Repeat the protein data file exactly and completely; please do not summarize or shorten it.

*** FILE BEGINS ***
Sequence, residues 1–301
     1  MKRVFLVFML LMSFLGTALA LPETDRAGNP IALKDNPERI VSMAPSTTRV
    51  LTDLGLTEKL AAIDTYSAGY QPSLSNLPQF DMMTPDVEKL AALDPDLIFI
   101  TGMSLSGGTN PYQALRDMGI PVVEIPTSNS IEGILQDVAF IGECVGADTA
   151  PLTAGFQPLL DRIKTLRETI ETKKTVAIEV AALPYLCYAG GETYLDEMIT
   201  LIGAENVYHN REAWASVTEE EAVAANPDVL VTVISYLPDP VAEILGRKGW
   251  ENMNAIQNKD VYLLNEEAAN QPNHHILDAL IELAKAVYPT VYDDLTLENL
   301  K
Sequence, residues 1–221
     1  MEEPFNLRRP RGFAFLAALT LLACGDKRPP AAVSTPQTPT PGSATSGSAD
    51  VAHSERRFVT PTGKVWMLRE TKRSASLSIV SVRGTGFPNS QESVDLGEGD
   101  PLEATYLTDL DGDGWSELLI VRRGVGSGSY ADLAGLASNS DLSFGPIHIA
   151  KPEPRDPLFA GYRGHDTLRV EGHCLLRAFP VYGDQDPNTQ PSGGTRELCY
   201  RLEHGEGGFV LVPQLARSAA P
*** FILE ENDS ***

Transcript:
Sequence, residues 1–301
     1  MKRVFLVFML LMSFLGTALA LPETDRAGNP IALKDNPERI VSMAPSTTRV
    51  LTDLGLTEKL AAIDTYSAGY QPSLSNLPQF DMMTPDVEKL AALDPDLIFI
   101  TGMSLSGGTN PYQALRDMGI PVVEIPTSNS IEGILQDVAF IGECVGADTA
   151  PLTAGFQPLL DRIKTLRETI ETKKTVAIEV AALPYLCYAG GETYLDEMIT
   201  LIGAENVYHN REAWASVTEE EAVAANPDVL VTVISYLPDP VAEILGRKGW
   251  ENMNAIQNKD VYLLNEEAAN QPNHHILDAL IELAKAVYPT VYDDLTLENL
   301  K
Sequence, residues 1–221
     1  MEEPFNLRRP RGFAFLAALT LLACGDKRPP AAVSTPQTPT PGSATSGSAD
    51  VAHSERRFVT PTGKVWMLRE TKRSASLSIV SVRGTGFPNS QESVDLGEGD
   101  PLEATYLTDL DGDGWSELLI VRRGVGSGSY ADLAGLASNS DLSFGPIHIA
   151  KPEPRDPLFA GYRGHDTLRV EGHCLLRAFP VYGDQDPNTQ PSGGTRELCY
   201  RLEHGEGGFV LVPQLARSAA P